How should the program or technology be delivered to address the problem?
Some of the methods already listed apply here, as do detailing methodologies like simulation techniques, or multivariate methods like multiattribute utility theory or exploratory causal modeling; decision-making methods; and project planning and implementation methods like flow charting, PERT/CPM, and project scheduling.
How well is the program or technology delivered?
Qualitative and quantitative monitoring techniques, the use of management information systems, and implementation assessment would be appropriate methodologies here.
The questions and methods addressed under summative evaluation include:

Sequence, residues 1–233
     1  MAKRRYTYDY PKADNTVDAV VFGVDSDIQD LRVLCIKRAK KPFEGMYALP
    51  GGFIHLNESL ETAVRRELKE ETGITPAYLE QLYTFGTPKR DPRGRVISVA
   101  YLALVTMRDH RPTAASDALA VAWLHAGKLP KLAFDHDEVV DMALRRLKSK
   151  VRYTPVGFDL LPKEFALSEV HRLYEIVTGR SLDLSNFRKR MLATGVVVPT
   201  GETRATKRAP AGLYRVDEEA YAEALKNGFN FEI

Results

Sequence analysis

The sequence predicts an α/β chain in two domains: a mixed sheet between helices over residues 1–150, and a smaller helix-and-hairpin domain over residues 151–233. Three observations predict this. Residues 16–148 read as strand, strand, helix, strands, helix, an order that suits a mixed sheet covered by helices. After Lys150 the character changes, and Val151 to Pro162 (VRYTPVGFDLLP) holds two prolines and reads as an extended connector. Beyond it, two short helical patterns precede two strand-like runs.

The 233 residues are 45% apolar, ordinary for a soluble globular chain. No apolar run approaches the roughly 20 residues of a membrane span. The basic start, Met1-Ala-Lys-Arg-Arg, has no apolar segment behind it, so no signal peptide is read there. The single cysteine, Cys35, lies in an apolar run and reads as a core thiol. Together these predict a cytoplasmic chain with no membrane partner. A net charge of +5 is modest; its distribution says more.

What type of evaluation is feasible?
Evaluability assessment can be used here, as well as standard approaches for selecting an appropriate evaluation design.
What was the effectiveness of the program or technology?
One would choose from observational and correlational methods for demonstrating whether desired effects occurred, and quasi-experimental and experimental designs for determining whether observed effects can reasonably be attributed to the intervention and not to other sources.
What is the net impact of the program?
Econometric methods for assessing cost effectiveness and cost/benefits would apply here, along with qualitative methods that enable us to summarize the full range of intended and unintended impacts.